World Risk Day 2013 saw risk management experts come together to share best practices. Active Risk, as World Risk Day’s Founding Supporter, is bringing you a series of condensed lessons from the day to help you better manage risk on your own projects.
On World Risk Day Rob Halstead, Head of Risk Management at Crossrail, spoke on “Collaborating with the Supply Chain to manage Project Risk”.
Crossrail is among the most significant projects ever undertaken in the UK, and is currently Europe’s largest infrastructure project. By 2018/19, Crossrail will deliver a high frequency, high capacity rail service linking 37 stations, using 21 km of new twin-bore tunnels under the historic centre of London. Around 200 million passengers will travel on Crossrail each year and the route will provide a 10% increase to London’s rail capacity.
Crossrail is configured as a ‘lean client’ and so the success of the whole project is reliant on the performance of its supply chain. Crossrail must collaborate effectively; collectively identify risks; and work flexibly to mitigate them. In total there are over 60 delivery projects and over 130 separate major contracts.
10 ideas from Crossrail to improve risk management collaboration with your supply chain:
- Collaboration on risk management is built in at the contract stage. Crossrail is using a ‘NEC3 contract’ which fosters “a spirit of mutual trust and co-operation”. The contract states that every contractor must develop a risk management plan which references back to Crossrail’s own risk management principles to ensure a consistent approach.
- Crossrail is engaging contractors directly into its own debate about risk to develop a shared understanding on risks and uncertainties. There is a regular discussion on risk with Crossrail’s project managers. Contractors are also engaged with Crossrail’s own cost and schedule risk assessments.
- Contractors must nominate a suitably qualified Risk Manager and develop a register of significant risks, known as the contractor risk log.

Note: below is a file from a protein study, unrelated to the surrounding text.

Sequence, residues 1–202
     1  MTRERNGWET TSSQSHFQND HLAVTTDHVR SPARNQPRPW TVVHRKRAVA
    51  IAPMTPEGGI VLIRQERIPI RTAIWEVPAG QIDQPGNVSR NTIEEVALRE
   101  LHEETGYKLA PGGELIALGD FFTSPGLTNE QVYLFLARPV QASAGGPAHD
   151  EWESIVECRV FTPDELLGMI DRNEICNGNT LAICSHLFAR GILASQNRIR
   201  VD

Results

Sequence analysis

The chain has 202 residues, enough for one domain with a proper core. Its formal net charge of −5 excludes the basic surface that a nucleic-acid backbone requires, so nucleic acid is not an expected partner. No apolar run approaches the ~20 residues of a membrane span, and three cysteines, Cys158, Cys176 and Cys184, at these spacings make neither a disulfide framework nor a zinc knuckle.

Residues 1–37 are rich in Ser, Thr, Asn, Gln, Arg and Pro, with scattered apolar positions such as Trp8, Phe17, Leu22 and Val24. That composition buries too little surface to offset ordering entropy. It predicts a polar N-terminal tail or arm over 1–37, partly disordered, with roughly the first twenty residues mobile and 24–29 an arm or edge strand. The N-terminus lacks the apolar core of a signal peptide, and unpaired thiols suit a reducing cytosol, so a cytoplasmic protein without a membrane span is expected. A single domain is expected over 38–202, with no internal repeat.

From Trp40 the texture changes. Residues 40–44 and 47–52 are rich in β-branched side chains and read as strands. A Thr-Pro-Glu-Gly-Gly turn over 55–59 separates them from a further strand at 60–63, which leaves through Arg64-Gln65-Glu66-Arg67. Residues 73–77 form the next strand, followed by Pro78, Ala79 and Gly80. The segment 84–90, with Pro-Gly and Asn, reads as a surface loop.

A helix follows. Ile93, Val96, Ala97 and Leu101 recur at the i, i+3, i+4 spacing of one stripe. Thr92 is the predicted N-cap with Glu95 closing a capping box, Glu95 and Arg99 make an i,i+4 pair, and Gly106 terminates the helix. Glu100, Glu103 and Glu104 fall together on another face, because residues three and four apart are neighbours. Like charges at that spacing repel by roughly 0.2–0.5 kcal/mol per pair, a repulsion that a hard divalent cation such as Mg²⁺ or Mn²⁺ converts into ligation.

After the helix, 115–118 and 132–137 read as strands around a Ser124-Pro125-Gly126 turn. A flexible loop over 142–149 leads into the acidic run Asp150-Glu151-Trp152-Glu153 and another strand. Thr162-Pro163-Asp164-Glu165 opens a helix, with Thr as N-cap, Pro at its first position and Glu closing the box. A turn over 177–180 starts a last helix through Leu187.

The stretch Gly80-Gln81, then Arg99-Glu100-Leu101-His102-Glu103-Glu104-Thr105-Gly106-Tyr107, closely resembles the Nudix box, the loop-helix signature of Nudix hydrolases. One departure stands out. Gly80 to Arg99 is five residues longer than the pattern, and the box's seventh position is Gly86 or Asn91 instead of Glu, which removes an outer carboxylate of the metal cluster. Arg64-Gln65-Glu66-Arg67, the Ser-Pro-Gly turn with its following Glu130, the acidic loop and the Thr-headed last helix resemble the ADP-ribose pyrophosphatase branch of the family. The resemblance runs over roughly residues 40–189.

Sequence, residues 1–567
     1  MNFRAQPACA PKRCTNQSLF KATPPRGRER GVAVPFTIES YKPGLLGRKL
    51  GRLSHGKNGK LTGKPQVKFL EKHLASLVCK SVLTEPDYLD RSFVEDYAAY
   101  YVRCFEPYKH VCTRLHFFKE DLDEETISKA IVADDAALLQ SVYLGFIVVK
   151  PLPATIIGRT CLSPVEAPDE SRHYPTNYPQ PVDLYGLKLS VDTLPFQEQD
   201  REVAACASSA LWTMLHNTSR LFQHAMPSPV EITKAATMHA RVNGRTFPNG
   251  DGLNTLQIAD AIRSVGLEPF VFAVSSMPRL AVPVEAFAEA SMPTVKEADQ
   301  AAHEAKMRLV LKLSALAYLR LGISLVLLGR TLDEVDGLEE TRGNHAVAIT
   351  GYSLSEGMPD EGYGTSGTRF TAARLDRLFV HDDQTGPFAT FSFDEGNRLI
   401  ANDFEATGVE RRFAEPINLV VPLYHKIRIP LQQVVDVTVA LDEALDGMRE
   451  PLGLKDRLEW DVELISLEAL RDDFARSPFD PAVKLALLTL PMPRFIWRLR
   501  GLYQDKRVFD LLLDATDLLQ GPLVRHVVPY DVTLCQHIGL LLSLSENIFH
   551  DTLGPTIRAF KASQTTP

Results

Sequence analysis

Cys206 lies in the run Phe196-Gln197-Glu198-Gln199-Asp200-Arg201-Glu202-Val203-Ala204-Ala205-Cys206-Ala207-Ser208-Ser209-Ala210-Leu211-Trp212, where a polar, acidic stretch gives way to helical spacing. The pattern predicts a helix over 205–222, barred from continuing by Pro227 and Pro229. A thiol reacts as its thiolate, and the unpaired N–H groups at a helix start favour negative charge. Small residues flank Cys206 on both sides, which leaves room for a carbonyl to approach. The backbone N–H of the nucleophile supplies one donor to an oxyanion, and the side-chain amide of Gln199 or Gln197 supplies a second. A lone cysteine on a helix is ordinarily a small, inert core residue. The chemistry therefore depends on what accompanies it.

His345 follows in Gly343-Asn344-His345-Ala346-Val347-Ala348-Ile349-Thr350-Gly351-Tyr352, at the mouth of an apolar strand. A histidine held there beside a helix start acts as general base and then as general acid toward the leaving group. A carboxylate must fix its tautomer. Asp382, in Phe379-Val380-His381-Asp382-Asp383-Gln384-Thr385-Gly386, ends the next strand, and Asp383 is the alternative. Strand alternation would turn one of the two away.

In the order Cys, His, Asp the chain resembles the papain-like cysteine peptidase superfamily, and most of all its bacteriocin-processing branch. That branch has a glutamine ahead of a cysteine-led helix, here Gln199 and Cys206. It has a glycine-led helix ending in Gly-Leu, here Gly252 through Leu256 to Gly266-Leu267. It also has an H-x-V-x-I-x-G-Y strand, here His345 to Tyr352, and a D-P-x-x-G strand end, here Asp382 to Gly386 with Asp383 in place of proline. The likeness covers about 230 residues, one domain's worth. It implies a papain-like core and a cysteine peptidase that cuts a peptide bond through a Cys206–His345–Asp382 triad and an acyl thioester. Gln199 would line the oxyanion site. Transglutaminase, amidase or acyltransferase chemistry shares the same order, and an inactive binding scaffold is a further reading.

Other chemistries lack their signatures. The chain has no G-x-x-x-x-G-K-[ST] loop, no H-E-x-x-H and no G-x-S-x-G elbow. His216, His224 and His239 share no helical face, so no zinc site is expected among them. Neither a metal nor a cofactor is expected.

- Contractors use Crossrail’s risk management software package, Active Risk Manager (ARM). Currently 28 contract teams and 14 of the project’s key contractors use ARM to share information.
- The Crossrail construction projects must work around existing transport infrastructure and ultimately connect with it. Crossrail has set up shared risk registers on interface risks with UK rail industry partners London Underground and Network Rail.
- A risk profile is created for each project and risks are allocated between the parties, ensuring that the right people are managing the right risks.
- Actions are taken early to mitigate their impact. On a project like Crossrail, which has national significance, there is no way of transferring project delay risk, so there is a real interest for all parties to help each other to manage the risks. Managing risk is a win-win for both client and contractors.
- Using one risk system and database means that Crossrail can see all the risks and also when they were updated and actioned. This is an indicator of how proactive a contractor is at managing risks.
- Risk exposure levels are checked regularly to see if the mitigation actions are actually making the planned difference.
- Assessments of contractors, including contractor capability and metrics, are shared regularly across the supply chain. This enables contractors to see where they stand in comparison to others firms. Results are also shared with other infrastructure clients and UK Government. This provides a real business incentive for contractors to step up their game on risk management to world class standards.